Colourless solid, partially miscible in the cold water, soluble in organic solvents. Differ in many ways to aliphatic alcohols. Like alcohols contain -O-H group but also a benzene ring.
The difficulty in substituting the -OH group is due to the stabilisation caused by the overlap of the p-orbital of the oxygen atom with the bonding in the ring. The situation is similar to that in chlorobenzene. Phenols have many chemical properties
i) Acid-base properties
Phenol is a stronger acid than water whereas aliphatic alcohols are weaker. The polarity of the hydroxyl bond facilitates the loss of a proton and the formation of a phenoxide ion and the delocalisation in the phenoxide ion also stabilises it as compared with RO- or OH- ions. If electron-withdrawing groups (-Cl) are substituted into the benzene ring the polarity of the O-H bond is increased still further giving still stronger acids.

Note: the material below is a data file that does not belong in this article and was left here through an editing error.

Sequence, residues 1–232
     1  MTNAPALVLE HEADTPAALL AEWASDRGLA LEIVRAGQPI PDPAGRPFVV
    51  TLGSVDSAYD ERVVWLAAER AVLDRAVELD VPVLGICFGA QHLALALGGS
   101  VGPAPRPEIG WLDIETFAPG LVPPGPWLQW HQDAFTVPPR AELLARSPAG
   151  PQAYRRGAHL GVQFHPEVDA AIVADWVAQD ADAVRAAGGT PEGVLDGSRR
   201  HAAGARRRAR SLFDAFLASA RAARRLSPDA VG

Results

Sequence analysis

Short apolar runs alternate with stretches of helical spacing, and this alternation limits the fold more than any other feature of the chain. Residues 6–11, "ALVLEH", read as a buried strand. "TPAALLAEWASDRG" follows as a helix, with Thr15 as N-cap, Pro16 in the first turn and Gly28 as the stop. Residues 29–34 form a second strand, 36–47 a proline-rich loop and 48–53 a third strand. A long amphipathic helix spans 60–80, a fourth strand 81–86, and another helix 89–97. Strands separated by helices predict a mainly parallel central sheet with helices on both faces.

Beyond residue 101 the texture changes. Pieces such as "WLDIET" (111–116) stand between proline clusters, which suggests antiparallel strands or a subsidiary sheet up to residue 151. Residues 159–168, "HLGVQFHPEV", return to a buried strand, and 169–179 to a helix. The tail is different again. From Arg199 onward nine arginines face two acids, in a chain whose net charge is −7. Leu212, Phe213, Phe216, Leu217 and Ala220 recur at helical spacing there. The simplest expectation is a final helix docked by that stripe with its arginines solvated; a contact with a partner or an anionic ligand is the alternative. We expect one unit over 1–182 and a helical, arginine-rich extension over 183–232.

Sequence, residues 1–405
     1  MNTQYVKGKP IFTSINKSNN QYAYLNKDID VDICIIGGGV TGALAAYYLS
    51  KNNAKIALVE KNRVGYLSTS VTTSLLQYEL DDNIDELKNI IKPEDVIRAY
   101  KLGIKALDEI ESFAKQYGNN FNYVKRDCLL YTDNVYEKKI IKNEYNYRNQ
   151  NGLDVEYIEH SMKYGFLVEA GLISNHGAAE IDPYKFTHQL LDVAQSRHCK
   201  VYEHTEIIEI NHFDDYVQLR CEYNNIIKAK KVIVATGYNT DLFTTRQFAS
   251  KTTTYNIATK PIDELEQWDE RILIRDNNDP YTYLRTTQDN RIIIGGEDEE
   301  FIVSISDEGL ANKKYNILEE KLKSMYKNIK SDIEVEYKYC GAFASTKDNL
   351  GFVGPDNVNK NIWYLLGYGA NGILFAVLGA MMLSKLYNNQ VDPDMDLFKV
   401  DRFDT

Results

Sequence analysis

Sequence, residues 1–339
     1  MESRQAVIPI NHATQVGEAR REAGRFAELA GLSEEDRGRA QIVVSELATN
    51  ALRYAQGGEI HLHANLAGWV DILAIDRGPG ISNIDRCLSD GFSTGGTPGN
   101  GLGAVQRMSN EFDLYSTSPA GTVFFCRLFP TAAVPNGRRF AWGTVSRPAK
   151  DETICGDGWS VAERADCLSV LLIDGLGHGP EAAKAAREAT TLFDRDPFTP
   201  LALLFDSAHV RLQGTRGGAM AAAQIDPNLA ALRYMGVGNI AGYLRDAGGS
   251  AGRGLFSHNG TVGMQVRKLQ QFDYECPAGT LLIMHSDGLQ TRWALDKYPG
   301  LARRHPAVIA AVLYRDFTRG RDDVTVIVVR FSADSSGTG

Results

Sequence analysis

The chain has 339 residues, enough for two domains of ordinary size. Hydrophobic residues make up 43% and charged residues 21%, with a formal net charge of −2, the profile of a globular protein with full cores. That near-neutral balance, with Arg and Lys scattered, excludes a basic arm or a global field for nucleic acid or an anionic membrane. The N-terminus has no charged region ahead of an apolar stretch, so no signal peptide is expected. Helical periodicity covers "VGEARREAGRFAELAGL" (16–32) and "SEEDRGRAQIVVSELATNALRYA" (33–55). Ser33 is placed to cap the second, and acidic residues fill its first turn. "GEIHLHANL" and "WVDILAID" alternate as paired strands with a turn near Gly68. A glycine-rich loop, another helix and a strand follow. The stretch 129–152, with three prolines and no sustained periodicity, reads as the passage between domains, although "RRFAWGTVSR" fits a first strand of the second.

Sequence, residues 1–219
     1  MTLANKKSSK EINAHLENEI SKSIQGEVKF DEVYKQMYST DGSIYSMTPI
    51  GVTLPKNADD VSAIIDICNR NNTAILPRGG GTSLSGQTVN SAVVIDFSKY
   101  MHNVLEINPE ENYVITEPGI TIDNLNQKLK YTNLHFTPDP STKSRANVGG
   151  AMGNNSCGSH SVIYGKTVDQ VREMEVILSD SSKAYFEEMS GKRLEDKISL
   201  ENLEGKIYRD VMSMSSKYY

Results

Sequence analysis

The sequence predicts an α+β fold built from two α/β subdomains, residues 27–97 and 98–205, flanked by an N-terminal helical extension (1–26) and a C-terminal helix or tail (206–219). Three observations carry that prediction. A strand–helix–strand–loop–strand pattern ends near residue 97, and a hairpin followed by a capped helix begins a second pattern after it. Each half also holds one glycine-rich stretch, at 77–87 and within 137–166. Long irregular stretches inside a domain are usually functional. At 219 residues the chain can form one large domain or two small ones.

A new class of substituted hydrocarbons arises when an oxygen atom is double bonded to the carbon at the end of the chain. In this case there are two less hydrogen atoms, so instead of three end hydrogens, there is the C=O and only one hydrogen. The simplest aldehyde is, formaldehyde, CH2O. Its IUPAC name is methanal. It has an -al ending as opposed to the -ol ending that alcohols have. These compounds show the generic formula, H-R=O.